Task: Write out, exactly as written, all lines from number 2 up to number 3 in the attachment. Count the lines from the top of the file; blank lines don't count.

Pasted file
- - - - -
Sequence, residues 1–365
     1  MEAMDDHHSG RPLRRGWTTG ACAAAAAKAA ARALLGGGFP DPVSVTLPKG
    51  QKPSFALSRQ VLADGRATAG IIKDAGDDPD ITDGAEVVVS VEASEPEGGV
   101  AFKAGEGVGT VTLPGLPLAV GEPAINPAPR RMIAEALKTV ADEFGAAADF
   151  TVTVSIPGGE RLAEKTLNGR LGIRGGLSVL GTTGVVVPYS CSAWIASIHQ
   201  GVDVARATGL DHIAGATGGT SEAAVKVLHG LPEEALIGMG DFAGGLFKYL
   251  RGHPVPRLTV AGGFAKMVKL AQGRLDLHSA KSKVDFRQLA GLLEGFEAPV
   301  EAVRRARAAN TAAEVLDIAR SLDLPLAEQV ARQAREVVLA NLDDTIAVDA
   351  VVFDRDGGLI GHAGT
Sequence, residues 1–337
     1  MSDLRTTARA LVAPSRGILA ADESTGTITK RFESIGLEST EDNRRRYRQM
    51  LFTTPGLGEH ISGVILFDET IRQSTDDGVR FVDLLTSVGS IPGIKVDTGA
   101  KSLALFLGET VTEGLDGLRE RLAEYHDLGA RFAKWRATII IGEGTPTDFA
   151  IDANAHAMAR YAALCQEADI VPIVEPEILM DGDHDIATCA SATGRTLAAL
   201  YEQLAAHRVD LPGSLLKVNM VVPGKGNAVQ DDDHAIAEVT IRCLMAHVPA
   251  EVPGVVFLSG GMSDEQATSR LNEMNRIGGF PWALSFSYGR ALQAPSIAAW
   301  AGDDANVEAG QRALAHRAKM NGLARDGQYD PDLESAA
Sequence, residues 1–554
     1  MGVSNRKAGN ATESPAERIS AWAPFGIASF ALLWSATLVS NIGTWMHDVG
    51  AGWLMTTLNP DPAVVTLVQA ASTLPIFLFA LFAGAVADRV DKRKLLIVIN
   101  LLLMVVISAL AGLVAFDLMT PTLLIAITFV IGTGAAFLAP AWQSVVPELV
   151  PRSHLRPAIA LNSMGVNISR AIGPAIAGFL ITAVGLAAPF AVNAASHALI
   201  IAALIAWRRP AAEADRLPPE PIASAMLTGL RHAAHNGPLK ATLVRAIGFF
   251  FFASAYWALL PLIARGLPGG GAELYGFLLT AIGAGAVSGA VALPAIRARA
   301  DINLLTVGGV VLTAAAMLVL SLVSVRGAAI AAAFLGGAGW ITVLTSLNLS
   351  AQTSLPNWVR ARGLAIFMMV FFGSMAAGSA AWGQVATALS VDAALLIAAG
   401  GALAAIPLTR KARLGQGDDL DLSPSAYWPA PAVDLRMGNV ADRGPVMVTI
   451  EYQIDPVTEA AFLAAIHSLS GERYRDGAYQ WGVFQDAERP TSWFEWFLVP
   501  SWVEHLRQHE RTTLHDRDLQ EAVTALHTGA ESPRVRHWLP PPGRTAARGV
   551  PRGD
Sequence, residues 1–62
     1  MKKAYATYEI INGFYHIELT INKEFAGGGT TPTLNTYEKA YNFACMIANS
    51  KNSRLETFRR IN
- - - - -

     1  MEAMDDHHSG RPLRRGWTTG ACAAAAAKAA ARALLGGGFP DPVSVTLPKG
    51  QKPSFALSRQ VLADGRATAG IIKDAGDDPD ITDGAEVVVS VEASEPEGGV